French prime minister faces scandal over all-expenses paid Egyptian vacation
11 February 2011
On Tuesday, French Prime Minister François Fillon admitted that he had spent his Christmas holiday with his family in Egypt, paid for by President Hosni Mubarak’s regime. Egypt has been rocked for three weeks by a mass uprising.
The PM’s office issued a statement Tuesday, preempting the publication on Wednesday of revelations in the French satirical weekly Le Canard Enchaîné, saying that Fillon was making this information public “in the interest of transparency.” It confirmed that “François Fillon, his wife and children, were provided with accommodation by the regime and used a government plane provided free by Cairo for an excursion for the whole Fillon family to Abou-Simbel. He similarly went on a boat trip on the Nile.”
His vacation at a Nile resort in Aswan lasted from December 26 to January 2. The statement also pointed out that Fillon met Mubarak in Aswan on December 30, less than a month before mass protests broke out in Egypt on January 25.
The revelation about Fillon’s holiday came shortly after revelations that Foreign Minister Michèle Alliot-Marie and her husband, also a government minister, had spent their Christmas vacation in Tunisia. They used a private jet and stayed at a luxury hotel belonging to a rich businessman with links to ousted Tunisian President Zine El Abidine Ben Ali. While they relaxed at the expense of their billionaire host, a popular uprising against the Ben Ali dictatorship was under way, in the face of brutal state repression. (See “French government embarrassed by its ties to North African dictatorships”)
Since Alliot-Marie’s travel scandal was revealed, Fillon has defended her and opposed calls for her to resign.
The ruling conservative UMP (Union for a Popular Majority) is totally discredited due to its social austerity policies. Successive revelations of corrupt ties between French politicians and Middle Eastern dictators are deepening popular hostility to France’s political establishment.
Responding to the embarrassment of the French political elite, President Nicolas Sarkozy asked the members of the government to focus on France for their holidays. He said, “Invitations to foreign countries will be authorised by the prime minister in accordance with the diplomatic office of the Republic’s presidency, in order to study their compatibility with France’s foreign policy.”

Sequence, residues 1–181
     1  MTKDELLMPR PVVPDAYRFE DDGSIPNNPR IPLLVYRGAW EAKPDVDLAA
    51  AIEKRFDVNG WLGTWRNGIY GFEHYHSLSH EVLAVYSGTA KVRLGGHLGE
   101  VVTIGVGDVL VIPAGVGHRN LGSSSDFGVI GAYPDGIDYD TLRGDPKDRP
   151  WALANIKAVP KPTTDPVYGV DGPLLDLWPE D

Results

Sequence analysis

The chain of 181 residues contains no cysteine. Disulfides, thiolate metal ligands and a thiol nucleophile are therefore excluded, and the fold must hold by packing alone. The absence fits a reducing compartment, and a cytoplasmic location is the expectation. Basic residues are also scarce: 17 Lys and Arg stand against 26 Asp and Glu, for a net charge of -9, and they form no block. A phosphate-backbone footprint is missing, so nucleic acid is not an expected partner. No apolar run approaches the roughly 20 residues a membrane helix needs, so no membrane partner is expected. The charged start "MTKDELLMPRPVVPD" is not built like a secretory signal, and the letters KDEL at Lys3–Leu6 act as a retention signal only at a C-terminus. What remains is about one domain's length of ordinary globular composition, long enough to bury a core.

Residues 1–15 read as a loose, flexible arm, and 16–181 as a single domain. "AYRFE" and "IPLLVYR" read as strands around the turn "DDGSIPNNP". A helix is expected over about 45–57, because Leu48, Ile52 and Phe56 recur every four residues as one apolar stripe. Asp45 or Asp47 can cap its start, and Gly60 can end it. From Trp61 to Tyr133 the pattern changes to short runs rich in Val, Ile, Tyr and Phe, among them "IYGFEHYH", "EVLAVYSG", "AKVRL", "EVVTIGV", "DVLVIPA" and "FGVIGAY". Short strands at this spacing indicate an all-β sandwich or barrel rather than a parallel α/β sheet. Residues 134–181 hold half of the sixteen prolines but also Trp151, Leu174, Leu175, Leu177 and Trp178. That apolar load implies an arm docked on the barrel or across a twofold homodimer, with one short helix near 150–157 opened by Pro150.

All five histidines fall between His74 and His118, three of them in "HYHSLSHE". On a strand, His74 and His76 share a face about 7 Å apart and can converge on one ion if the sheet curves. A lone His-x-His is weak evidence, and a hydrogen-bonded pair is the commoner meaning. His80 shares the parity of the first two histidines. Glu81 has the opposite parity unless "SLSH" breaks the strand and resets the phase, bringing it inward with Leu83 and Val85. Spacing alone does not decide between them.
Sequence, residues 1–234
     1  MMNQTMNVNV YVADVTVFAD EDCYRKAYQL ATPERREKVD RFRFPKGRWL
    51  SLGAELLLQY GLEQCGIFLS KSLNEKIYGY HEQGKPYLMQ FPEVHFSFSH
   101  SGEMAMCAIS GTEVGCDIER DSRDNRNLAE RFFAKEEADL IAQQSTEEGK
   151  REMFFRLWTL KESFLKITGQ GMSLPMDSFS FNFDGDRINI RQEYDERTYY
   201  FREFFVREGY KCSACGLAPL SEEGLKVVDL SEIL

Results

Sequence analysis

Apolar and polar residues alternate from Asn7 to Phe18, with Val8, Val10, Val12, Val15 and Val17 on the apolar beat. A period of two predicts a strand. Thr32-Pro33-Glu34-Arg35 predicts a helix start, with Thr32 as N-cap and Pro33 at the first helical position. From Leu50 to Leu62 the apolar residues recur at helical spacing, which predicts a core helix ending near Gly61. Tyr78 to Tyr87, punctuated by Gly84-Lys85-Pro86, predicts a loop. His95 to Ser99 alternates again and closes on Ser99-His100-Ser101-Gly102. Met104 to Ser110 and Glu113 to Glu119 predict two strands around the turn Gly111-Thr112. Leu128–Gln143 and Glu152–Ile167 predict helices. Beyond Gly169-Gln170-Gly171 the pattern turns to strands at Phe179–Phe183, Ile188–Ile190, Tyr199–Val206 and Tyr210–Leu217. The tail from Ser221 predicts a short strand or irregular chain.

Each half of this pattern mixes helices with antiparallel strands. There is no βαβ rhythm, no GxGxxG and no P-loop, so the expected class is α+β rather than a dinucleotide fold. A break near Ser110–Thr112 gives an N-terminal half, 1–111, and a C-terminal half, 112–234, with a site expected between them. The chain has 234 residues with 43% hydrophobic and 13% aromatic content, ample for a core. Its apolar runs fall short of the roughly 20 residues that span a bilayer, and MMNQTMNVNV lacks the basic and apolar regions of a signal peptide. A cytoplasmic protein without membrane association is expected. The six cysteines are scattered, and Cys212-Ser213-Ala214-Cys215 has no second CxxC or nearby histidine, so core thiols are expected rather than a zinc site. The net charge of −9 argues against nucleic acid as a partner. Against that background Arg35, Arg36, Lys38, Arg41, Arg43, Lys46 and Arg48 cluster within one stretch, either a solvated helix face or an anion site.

Implicitly admitting that corrupt ties to dictatorial regimes are commonplace among leading politicians, he added, “What was still common practice some years ago can shock today.”
When the social uprising broke out in Egypt, the French government, as well as the bourgeois “left” opposition, expressed phoney criticism of the Mubarak regime over its repression of workers protesting for decent living standards, democratic rights and against dictatorship. The repression has caused the deaths of at least 300 people.
The author of the Canard Enchaîné article, Brigitte Rossigneux, said on France 24 TV: “How can you ask for the departure of a head of state and have a critical view of his regime when you are beholden to him?”
The French ruling class has long maintained ties with the dictatorial regimes in North Africa in order to protect its imperialist interests. It has provided necessary logistical and military support for those regimes to carry out police-state measures to keep the working class on low wages and in miserable living conditions.
It has been reported that last October French police officers provided training to Egyptian security forces in crowd control. Shortly after the uprising began, according to the prime minister’s office, France suspended sales of arms and riot police equipment to Egypt including explosive material, mostly teargas grenades. However, France authorised the export of such products for the Tunisian security forces in November last year and January, until after the departure of Ben Ali.
When Alliot-Marie’s travel scandal broke out, the official bourgeois left opposition, the Socialist Party (PS) and its satellite allies such as the French Communist Party (PCF) and the New Anti-Capitalist Party (NPA) made cynical calls for her resignation.
However, this time, they have adopted a different attitude—excusing Fillon and saying that his vacation did not take place during the Egyptian uprising, whereas his foreign minister Alliot-Marie had been in Tunisia when the protest movement against Ben Ali had already begun.
PS deputy René Dosière, a specialist in transparency in public life, told the i-Télé that Fillon’s situation is “very different” from that of the foreign minister. He said: “Fundamentally, it’s almost a question of professional ethics, but as far as concerns his trip, there has been no deviation.”
Jean-Marc Ayrault, the leader of the opposition PS group in the National Assembly, who had previously called for the resignation of Alliot-Marie, told RTL radio: “François Fillon did not commit the error of going to a country shaken by riots, unlike the minister of foreign affairs.” He added: “Concerning what happened with him, it’s a mixing of different activities, between a private holiday and public business.”
The PS has long backed dictatorial regimes in North Africa on behalf of French capitalist interests.